To be sure, at first war went according to plan. The occupied areas grew each day, and the entire populace of the other country became drunk with victory.
One after another, however, the surrounding countries took the side of the neighboring country. Which was only natural. For if the neighboring country fell, they themselves might be the other country’s next target.
The other country’s entire diplomatic strategy failed. Which was only natural. For no country on earth will make friends with a country that only knows how to flaunt its wealth and power.
An allied force was organized around the neighboring country. Together, the surrounding countries sought to encircle and seal off the other country.
From that point on, the war entered stalemate. Limited battle zones saw troops advancing and retreating again and again, in the course of which the other country’s wealth and power was consumed little by little. Disgust for war began to spread among the populace, and to obliterate that mood, the military circulated false propaganda:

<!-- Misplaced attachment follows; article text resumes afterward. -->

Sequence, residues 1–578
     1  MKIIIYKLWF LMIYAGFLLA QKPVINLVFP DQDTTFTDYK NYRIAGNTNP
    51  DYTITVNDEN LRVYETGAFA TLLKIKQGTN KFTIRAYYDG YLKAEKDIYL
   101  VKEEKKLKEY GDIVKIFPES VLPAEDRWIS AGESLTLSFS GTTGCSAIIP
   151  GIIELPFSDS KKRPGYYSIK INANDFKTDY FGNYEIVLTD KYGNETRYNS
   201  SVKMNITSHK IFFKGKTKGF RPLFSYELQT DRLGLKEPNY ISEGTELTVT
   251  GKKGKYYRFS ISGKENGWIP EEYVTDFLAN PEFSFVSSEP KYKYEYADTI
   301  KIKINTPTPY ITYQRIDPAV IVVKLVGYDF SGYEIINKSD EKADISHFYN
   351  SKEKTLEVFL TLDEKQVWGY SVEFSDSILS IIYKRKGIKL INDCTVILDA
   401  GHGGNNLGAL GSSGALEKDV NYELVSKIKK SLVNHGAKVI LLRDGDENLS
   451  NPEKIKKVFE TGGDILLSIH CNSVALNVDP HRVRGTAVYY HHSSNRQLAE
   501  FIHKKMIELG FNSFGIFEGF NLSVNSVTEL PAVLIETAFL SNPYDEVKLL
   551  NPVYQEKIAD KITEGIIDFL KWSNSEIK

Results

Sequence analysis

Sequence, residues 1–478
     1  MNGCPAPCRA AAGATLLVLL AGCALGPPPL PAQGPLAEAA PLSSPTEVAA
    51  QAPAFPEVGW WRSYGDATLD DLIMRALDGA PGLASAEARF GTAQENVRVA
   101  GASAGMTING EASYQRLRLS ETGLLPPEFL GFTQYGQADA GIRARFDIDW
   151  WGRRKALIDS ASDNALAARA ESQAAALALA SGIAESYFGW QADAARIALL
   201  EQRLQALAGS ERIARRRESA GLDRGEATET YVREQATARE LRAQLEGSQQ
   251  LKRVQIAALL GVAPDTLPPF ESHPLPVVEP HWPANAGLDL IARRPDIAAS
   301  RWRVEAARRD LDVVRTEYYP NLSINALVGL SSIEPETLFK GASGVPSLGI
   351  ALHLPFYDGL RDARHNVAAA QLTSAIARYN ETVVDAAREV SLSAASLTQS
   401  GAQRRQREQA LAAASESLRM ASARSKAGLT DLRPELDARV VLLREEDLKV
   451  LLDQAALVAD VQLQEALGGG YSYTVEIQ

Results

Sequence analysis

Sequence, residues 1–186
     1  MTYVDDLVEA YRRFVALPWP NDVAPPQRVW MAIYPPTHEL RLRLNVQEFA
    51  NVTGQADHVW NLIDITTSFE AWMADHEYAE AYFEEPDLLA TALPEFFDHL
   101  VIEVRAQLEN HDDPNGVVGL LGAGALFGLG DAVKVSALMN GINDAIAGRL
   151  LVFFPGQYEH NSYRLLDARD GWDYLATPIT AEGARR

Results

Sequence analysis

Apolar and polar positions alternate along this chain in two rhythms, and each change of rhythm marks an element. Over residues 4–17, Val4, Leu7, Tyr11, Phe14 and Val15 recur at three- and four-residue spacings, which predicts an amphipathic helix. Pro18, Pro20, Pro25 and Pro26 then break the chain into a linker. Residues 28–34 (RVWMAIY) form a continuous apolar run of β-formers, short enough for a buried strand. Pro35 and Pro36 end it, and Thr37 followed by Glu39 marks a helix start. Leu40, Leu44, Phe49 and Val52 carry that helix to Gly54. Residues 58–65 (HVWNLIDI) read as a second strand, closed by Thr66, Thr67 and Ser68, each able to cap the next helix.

The military situation is developeng in our favor.
Our army has again crushed the enemy’s troops.
The truth was that the occupied territories were being recaptured one after another, and the allied forces now were crossing the border to strike inside the other country’s territory.
I’n response to foolhardy attack by the enemy, our resolute fighting men launched a counterattack, annihilating their forces.
The day for our victory song is upon us.
Stopping war was out of the question. Admitting defeat was out of the question. The people had believed that wealth and power would enable them to rule everything, but now they knew the terror of having lost both.
The allied forces were joined by a powerful supporter. A mighty empire that wielded authority over the northern part of the continent joined the battle as if to say, “Let us finish job for you,” crushing the other country once and for all.
But the powerful empire was not satisfied just to destroy one upstart nation. It turned its overwhelming military might upon the allied forces. As it had so many times in its history, it seized the opportunity of its clash with the surrounding countries in order to further expand its own power.
Having lost its leaders and turned into a wasteland as far as the eye could see, the other country now became the new battlefield.
Outnumbered, the allied army hired mercenaries from other continents.
Kaim was one of those.